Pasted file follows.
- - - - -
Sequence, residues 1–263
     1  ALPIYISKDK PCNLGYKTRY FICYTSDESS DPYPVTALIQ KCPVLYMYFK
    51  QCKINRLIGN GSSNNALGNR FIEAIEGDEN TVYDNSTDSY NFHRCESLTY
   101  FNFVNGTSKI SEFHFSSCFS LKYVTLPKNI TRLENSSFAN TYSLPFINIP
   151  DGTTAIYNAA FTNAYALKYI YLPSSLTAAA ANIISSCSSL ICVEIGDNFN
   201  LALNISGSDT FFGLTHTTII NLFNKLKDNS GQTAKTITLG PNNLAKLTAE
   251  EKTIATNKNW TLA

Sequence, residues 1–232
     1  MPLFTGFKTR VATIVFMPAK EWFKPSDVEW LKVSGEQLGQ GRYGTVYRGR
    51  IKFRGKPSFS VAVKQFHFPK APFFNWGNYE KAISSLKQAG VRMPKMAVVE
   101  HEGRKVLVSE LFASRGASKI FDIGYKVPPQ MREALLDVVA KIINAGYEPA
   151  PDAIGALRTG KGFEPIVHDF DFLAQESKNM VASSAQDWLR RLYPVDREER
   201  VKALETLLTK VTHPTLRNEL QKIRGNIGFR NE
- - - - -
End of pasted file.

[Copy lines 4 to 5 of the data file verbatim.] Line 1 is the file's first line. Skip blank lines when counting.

   101  FNFVNGTSKI SEFHFSSCFS LKYVTLPKNI TRLENSSFAN TYSLPFINIP
   151  DGTTAIYNAA FTNAYALKYI YLPSSLTAAA ANIISSCSSL ICVEIGDNFN